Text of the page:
As rescue officials in southeast Texas struggled to respond to the overwhelming destruction wrought by Tropical Storm Harvey on Sunday, many people anxiously monitoring the disaster from screens across the country were searching for ways pitch in.
By the time the storm dissipates it will have dumped 25 trillion gallons of rain on the state, says Ryan Maue with WeatherBell, a weather analytics company. National Weather Service officials have used catastrophic language to suggest the storm could be the worst the U.S. has ever seen.
A number of nonprofit organizations are working to mobilize relief for those affected, with some putting a specific focus on more vulnerable communities:
- The American Red Cross is urging people to call 1-800-RED-CROSS or text HARVEY to 90999 to make a $10 donation for those in need.
- The Texas Diapers Bank is putting together relief kits for mothers and children and soliciting financial donations. According to the nonprofit, diapers are not provided by disaster relief agencies.
- The national Save the Children campaign has also set up a specific fund for Harvey relief.
- The disaster relief fundraiser Portlight focuses specifically on assisting disabled individuals. “We are already hearing from people being turned away from shelters, denied sign language interpreters and many of the same issues we’ve heard throughout past disasters,” the organization said.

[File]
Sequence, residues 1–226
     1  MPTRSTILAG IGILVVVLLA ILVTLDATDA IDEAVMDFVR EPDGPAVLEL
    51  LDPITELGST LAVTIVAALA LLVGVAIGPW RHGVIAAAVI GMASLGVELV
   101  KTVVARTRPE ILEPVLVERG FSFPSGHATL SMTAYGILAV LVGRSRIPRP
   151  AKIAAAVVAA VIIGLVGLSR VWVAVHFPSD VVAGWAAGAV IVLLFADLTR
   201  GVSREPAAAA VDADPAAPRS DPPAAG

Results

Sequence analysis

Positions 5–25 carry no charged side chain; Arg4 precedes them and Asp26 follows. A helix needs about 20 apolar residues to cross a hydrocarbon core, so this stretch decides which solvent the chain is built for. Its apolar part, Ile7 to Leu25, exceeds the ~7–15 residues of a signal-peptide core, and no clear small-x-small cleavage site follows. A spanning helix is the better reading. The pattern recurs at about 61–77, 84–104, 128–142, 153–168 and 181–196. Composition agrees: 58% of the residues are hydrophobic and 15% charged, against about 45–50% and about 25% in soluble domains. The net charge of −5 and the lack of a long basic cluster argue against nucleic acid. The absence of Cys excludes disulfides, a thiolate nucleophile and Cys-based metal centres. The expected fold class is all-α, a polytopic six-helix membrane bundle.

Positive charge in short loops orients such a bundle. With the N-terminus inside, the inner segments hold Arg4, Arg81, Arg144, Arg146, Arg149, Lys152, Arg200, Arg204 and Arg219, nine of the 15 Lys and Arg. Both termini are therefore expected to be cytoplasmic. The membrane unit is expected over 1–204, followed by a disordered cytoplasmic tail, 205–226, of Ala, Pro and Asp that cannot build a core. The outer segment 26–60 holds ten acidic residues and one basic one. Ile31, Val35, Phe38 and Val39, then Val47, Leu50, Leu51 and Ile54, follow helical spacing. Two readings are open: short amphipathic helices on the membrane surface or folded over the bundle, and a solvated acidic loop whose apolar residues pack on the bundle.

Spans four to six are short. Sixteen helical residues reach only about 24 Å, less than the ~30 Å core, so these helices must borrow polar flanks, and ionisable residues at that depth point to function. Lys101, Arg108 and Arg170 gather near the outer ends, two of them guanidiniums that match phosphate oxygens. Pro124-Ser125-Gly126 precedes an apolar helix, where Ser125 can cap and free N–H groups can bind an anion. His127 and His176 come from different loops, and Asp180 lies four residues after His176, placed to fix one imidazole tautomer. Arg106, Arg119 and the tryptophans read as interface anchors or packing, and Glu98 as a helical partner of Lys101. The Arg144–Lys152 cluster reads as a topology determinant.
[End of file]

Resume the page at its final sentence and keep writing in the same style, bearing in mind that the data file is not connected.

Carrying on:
- The SPCA of Texas and Humane Society of North Texas are working to take in that have been animals displaced.
- The Houston Foodbank and Feeding Texas have not set up Harvey-specific campaigns but are mobilizing in response to the disaster.
- Team Rubicon is a national organization that deploys military veterans to aid emergency responders.
- Well-respected international aid organization Direct Relief is mobilizing resources are also mobilizing resources.
- Crowdfunding site Global Giving has set a goal of raising $2 million dedicated to Harvey, and GoFundMe has published a directory of Harvey-related campaigns set up on its platform.
- Those who live in northern Texas and have not been displaced by the storm can donate blood or offer to share their house as shelter on Airbnb.
The head of the Federal Emergency Management Agency said his agency is already gearing up for a years-long effort to help Texas recover from the damage.
“FEMA is going to be there for years,” administrator Brock Long said Sunday on CNN’s “State of the Union.”
He added, “This disaster is going to be a landmark event.”
Hurricane Harvey, now a tropical storm, hit southeastern Texas this weekend, and forecasters said it would continue to make its way inland over the course of the next several days.
Although Long has used language echoing the severity of Hurricane Katrina, he said Harvey poses different challenges and was “nothing like” it. He stressed the days-long threat it poses as it makes its way further into Texas.
“This is a storm that the United States has not seen yet,” he said.
Long advised residents on the ground facing the storm to stay on top of local news reports for information and avoid calling 911 unless they are in need of emergency assistance.